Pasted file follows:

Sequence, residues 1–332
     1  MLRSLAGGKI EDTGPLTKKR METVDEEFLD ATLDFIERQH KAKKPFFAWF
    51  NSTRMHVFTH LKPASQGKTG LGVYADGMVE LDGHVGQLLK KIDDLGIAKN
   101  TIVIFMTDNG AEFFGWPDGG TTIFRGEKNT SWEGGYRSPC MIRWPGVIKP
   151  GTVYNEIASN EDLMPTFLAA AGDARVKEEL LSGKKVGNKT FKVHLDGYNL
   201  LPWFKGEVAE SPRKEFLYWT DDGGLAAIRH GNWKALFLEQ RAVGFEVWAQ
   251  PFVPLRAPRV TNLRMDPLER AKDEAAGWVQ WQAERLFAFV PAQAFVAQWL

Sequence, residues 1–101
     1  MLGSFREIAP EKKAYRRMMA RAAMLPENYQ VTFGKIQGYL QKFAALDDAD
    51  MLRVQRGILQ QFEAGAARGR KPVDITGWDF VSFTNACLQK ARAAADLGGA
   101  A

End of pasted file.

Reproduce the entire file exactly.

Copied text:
Sequence, residues 1–332
     1  MLRSLAGGKI EDTGPLTKKR METVDEEFLD ATLDFIERQH KAKKPFFAWF
    51  NSTRMHVFTH LKPASQGKTG LGVYADGMVE LDGHVGQLLK KIDDLGIAKN
   101  TIVIFMTDNG AEFFGWPDGG TTIFRGEKNT SWEGGYRSPC MIRWPGVIKP
   151  GTVYNEIASN EDLMPTFLAA AGDARVKEEL LSGKKVGNKT FKVHLDGYNL
   201  LPWFKGEVAE SPRKEFLYWT DDGGLAAIRH GNWKALFLEQ RAVGFEVWAQ
   251  PFVPLRAPRV TNLRMDPLER AKDEAAGWVQ WQAERLFAFV PAQAFVAQWL

Sequence, residues 1–101
     1  MLGSFREIAP EKKAYRRMMA RAAMLPENYQ VTFGKIQGYL QKFAALDDAD
    51  MLRVQRGILQ QFEAGAARGR KPVDITGWDF VSFTNACLQK ARAAADLGGA
   101  A